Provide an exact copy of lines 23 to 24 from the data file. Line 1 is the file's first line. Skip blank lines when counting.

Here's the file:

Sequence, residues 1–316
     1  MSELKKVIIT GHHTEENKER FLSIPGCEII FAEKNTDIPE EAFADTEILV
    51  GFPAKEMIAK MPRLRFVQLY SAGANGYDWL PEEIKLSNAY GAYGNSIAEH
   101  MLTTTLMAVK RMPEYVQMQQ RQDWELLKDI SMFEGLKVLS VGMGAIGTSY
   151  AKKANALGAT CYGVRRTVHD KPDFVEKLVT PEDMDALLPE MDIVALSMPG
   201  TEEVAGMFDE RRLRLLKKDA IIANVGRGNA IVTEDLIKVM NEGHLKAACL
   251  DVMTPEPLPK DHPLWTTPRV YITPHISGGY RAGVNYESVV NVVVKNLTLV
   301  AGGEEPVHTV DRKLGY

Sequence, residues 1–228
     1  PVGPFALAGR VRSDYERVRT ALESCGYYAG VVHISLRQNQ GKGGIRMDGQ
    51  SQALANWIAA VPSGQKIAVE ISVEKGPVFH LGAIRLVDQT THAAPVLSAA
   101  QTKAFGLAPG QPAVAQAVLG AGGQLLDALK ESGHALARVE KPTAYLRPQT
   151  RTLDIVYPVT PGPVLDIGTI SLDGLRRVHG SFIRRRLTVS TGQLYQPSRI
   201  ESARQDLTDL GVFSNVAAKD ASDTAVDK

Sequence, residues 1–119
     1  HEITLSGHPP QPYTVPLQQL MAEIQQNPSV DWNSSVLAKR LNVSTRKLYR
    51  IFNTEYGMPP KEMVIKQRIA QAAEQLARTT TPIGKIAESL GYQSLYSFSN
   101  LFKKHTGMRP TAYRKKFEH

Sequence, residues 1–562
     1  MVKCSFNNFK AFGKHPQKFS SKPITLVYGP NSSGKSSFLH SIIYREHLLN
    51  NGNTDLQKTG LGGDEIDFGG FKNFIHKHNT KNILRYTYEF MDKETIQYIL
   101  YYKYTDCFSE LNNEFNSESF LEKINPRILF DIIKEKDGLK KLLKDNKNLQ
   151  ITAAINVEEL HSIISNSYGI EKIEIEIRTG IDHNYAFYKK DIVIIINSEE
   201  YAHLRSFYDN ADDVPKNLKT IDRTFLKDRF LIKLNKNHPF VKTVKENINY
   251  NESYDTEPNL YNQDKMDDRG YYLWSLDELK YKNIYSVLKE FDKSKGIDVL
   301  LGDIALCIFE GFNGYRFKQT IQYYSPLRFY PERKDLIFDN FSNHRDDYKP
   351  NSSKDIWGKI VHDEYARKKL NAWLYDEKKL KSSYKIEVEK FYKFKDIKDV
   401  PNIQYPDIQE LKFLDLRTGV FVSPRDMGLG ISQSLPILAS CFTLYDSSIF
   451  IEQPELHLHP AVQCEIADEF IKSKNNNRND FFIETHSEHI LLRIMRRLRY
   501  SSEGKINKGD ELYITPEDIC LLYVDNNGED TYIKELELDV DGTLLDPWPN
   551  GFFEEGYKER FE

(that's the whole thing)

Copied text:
   151  ITAAINVEEL HSIISNSYGI EKIEIEIRTG IDHNYAFYKK DIVIIINSEE
   201  YAHLRSFYDN ADDVPKNLKT IDRTFLKDRF LIKLNKNHPF VKTVKENINY